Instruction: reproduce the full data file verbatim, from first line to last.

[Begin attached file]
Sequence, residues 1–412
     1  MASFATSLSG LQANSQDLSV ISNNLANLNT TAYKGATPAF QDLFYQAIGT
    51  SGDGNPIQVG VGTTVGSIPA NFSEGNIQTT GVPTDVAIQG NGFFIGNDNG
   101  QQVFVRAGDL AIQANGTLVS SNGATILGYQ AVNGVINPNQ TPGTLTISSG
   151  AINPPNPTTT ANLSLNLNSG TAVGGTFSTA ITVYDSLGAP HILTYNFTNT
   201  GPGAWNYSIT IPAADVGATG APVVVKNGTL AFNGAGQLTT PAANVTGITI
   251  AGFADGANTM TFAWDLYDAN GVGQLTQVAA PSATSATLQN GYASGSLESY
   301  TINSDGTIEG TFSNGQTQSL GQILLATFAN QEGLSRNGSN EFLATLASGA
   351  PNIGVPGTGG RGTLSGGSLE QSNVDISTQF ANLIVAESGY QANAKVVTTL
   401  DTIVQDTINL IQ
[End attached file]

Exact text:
Sequence, residues 1–412
     1  MASFATSLSG LQANSQDLSV ISNNLANLNT TAYKGATPAF QDLFYQAIGT
    51  SGDGNPIQVG VGTTVGSIPA NFSEGNIQTT GVPTDVAIQG NGFFIGNDNG
   101  QQVFVRAGDL AIQANGTLVS SNGATILGYQ AVNGVINPNQ TPGTLTISSG
   151  AINPPNPTTT ANLSLNLNSG TAVGGTFSTA ITVYDSLGAP HILTYNFTNT
   201  GPGAWNYSIT IPAADVGATG APVVVKNGTL AFNGAGQLTT PAANVTGITI
   251  AGFADGANTM TFAWDLYDAN GVGQLTQVAA PSATSATLQN GYASGSLESY
   301  TINSDGTIEG TFSNGQTQSL GQILLATFAN QEGLSRNGSN EFLATLASGA
   351  PNIGVPGTGG RGTLSGGSLE QSNVDISTQF ANLIVAESGY QANAKVVTTL
   401  DTIVQDTINL IQ